Nunavik continues to wrestle with Quebec’s land protection scheme
Communities want to see more than 50 per cent of Nunavik protected from industrial development
The tedious process of selecting Nunavik lands to protect from industrial development won’t be a waste of time, Kativik Regional Government chairperson Maggie Emudluk said at the recent meeting of the KRG council in Kuujjuaq.
There’s a chance to protect more land from development than the Plan Nord calls for, she said.
So it’s a “political opportunity” to protect lands in Nunavik, Emudluk said.
The land protection process began in 2009 when the KRG, Makivik Corp., and Quebec’s environmental department started consultations with Nunavik communities on plans to protect 11 areas, which would help Quebec meet an international commitment to protect 12 per cent of Quebec’s land.
Roughly nine per cent of northern Quebec is currently sheltered from development, as parks, park reserves or protected areas.
With the launch of Plan Nord last May, Quebec pledged to increase that level of protection to 12 per cent of the lands above the 49th parallel by 2015.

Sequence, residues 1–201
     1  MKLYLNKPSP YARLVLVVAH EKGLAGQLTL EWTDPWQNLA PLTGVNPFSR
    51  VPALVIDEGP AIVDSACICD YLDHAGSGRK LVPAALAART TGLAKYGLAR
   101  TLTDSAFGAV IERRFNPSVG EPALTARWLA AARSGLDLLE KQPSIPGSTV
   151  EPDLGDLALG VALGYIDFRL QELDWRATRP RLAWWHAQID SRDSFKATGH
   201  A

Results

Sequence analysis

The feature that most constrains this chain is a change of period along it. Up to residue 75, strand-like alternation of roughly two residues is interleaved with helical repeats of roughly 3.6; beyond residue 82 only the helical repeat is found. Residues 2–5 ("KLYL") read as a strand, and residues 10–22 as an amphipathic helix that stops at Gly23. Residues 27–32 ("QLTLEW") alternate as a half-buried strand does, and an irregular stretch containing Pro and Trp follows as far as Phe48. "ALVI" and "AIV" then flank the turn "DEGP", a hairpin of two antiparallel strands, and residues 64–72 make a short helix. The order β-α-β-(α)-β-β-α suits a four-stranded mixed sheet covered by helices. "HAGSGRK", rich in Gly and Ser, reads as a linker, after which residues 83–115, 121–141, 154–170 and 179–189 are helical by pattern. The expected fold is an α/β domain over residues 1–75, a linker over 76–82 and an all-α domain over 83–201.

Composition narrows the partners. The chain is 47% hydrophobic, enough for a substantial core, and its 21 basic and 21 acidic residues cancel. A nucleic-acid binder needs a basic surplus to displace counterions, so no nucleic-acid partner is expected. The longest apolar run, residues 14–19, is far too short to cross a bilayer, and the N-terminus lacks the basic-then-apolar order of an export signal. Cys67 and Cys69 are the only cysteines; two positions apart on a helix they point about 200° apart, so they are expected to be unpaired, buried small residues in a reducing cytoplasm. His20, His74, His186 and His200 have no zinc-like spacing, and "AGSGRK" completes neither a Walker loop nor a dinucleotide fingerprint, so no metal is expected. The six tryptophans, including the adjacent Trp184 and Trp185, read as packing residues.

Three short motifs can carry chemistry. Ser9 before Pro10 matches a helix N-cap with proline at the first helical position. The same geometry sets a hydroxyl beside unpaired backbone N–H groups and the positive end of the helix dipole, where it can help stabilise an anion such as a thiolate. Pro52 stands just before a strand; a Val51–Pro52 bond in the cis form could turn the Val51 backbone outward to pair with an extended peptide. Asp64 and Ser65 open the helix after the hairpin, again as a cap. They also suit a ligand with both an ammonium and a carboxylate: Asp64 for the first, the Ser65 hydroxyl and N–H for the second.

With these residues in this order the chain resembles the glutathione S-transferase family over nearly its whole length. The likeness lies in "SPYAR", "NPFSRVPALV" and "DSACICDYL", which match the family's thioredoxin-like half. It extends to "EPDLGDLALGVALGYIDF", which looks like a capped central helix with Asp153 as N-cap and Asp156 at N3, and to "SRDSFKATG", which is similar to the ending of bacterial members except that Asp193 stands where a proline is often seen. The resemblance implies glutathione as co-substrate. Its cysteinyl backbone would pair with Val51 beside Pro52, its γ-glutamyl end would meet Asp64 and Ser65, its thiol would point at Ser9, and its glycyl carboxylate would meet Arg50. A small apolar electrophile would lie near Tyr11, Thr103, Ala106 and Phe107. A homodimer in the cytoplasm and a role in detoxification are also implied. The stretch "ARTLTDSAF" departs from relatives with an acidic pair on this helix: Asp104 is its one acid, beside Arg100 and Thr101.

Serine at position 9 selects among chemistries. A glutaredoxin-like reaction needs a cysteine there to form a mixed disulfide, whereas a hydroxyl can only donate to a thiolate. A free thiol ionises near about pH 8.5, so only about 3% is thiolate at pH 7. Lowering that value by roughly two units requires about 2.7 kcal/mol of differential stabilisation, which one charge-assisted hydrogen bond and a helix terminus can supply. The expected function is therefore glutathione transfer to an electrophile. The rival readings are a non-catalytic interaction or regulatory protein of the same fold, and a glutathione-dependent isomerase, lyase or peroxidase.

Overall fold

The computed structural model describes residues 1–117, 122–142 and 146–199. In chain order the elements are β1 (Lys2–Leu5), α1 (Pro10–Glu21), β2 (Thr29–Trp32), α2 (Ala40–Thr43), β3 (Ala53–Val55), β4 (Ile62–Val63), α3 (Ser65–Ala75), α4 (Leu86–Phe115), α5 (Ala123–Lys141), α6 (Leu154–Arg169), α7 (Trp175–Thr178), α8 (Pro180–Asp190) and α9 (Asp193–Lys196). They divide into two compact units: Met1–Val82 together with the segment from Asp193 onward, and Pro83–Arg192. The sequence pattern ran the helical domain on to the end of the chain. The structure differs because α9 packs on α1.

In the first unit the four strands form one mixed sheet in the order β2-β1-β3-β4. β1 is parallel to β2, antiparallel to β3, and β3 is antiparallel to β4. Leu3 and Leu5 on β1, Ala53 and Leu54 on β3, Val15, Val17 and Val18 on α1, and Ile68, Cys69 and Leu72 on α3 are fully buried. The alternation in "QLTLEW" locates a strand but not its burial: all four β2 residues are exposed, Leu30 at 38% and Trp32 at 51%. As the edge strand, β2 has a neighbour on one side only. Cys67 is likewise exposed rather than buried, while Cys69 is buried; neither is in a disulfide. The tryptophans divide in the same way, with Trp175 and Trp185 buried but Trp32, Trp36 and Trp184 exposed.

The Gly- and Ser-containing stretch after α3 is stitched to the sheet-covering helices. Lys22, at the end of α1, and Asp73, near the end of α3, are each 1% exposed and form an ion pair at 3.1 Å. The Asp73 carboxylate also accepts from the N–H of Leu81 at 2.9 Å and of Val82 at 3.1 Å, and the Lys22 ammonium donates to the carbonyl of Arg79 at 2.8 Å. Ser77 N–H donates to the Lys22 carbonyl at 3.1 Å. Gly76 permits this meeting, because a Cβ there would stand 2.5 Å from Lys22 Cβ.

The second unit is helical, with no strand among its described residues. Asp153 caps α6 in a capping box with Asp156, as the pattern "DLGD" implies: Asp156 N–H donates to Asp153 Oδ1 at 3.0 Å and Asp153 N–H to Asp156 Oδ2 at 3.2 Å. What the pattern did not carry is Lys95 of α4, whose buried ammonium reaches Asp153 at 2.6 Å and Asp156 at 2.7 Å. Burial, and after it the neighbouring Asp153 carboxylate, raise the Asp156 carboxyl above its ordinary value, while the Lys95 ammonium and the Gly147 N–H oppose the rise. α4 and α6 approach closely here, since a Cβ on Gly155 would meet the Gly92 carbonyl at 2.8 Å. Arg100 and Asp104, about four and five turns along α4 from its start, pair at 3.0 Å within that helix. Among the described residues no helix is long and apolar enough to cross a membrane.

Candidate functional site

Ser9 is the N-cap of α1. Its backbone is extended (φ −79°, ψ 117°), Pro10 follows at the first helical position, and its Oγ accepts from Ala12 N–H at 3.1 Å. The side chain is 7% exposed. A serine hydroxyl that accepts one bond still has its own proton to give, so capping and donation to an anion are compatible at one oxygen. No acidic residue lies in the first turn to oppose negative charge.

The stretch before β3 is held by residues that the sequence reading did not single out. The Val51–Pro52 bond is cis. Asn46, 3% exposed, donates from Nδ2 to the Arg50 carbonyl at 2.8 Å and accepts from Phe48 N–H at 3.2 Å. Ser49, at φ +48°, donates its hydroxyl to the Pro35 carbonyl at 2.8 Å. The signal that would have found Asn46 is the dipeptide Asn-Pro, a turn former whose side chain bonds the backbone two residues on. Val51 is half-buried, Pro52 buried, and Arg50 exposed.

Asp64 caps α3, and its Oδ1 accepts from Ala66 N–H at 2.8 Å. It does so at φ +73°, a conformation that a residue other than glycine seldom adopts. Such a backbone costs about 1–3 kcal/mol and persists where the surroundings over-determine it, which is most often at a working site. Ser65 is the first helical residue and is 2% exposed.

Earlier this year, Quebec proposed increasing the percentage of land to be protected in the region to 20 per cent.
By 2035, Quebec wants to make 50 per cent of the lands above the 49th parallel (a vast area which also includes the James Bay and Lower North Shore regions) into parks, protected areas, land reserves or areas sheltered from industrial development.
The complexities of the vow to keep 50 per cent of the province’s North from industrial development has confused many in Nunavik. And if there’s any recurrent theme from community consultations, it’s that people want to protect river valleys and coastal regions
Many also want to see more than 50 per cent of Nunavik protected — rather than just half of northern Quebec above the 49th parallel, the KRG councillors heard.
Already the land protection proposals from Nunavik communities add up to much more than what Quebec has proposed.
In addition to protecting important harvesting areas, communities also want to keep some flexibility in deciding what areas to protect so caribou calving areas can be spared.
And they want to have the final say in what lands end up safe from development, according to a consultation report discussed at the KRG meeting.